This is a great place to purchase movies and stream them online on your computer, a smartphone or a tablet. Some Amazon videos can be watched for free in full or in part. Amazon usually makes pilots for original TV shows free on the site. You can purchase plenty of movies for reduced prices if you are an Amazon Prime member.
Hulu is definitely one of the most popular sites to stream movies and TV shows online for free. You can watch even recent releases within a week or so with an account. If you have a paid account, you can watch new releases without the wait. The only issue is that Hulu censors content based on geographic location. If you are located outside the U.S., some movies may not be available to you.
Can I Stream It
This site allows users to search if a movie they are looking for is available for streaming on a legitimate website like YouTube or Hulu. If not, it shows results where you can purchase or borrow the movie at an affordable cost. It’s a neat site for movie buffs. You can just type in the titles you want and you may be able to find a legitimate streaming link.
One watch movies online free legal method is to borrow a digital copy from your local library. That’s right; along with e-books, you can actually borrow digital movies to stream on your computer. If your library has access to OverDrive, you can stream the movies on a handheld device as well. This is just like borrowing a DVD from the library, except that you don’t actually have to visit the library.
Indie Flix is basically Netflix for indie movies. You can stream both long and short indie movies on this site, and some are shown for absolutely free. If you are bored, this is a great site to visit and browse hundreds of titles.
You should certainly consider the above options if you want to take the “safe” approach to streaming movies. Just remember, it’s mostly okay to stream movies online, as long as you are not downloading, uploading or sharing a file.[Kodi ruling update] In April 2017, the European Union Court of Justice ruled that it is illegal to stream pirated multimedia, just as it is illegal to download pirated content. This means that temporary copies of files that are stored on your computer when streaming movies can be considered illegal if the original file is pirated. The EU Court ruled as such in a case where a man sold Kodi multimedia players that buyers could use to stream pirated content. Streaming pirated files used to exist in a gray area called “right to reproduction.” But the court ruling states that right doesn’t exist for pirated content that is streamed.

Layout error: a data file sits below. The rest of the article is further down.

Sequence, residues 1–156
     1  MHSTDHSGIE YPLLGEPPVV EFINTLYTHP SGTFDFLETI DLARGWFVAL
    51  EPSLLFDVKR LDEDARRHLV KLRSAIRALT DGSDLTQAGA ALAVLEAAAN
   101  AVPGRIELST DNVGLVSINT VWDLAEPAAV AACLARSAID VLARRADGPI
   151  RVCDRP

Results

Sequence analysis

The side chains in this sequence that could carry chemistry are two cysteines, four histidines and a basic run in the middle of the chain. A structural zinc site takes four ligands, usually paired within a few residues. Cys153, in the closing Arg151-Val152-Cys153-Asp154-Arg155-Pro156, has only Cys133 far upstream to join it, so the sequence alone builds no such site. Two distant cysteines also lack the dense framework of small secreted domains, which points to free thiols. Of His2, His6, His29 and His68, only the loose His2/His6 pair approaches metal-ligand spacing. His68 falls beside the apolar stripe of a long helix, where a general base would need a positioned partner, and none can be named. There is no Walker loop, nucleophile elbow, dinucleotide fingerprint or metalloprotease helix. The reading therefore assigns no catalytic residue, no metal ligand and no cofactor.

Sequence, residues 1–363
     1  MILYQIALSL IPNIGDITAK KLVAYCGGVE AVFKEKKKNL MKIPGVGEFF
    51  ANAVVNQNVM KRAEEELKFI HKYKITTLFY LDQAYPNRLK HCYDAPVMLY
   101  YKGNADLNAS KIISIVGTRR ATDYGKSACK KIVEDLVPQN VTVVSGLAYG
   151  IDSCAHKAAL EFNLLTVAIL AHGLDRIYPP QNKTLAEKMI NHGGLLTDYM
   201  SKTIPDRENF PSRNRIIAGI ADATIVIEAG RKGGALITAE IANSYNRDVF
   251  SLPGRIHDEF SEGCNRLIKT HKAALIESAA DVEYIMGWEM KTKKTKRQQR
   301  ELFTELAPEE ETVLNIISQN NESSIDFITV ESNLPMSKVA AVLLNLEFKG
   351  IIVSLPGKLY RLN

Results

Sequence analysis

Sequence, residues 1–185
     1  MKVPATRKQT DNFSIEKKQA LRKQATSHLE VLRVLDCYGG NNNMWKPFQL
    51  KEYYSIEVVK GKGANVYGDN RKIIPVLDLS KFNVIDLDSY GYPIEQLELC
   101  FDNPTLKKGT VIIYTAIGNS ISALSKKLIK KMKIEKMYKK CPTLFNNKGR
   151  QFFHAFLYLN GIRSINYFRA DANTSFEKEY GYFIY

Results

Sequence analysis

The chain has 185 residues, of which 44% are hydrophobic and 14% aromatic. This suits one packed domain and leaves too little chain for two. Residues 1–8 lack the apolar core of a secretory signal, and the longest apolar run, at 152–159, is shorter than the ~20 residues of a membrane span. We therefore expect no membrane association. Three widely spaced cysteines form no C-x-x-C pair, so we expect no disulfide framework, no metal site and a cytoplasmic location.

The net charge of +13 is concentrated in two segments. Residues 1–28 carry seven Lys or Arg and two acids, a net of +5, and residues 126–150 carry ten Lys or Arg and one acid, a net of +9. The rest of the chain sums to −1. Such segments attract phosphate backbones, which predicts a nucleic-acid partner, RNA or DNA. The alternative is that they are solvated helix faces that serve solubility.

Does this make streaming illegal content punishable under criminal law? Not exactly. You could be fined or face another penalty only if the owner of copyright decides to sue you. It means that if you stream Star Wars from a pirated file, you would only face a penalty if Disney goes to the trouble of suing you. Additionally, the EU ruling may not necessarily apply in your local jurisdiction.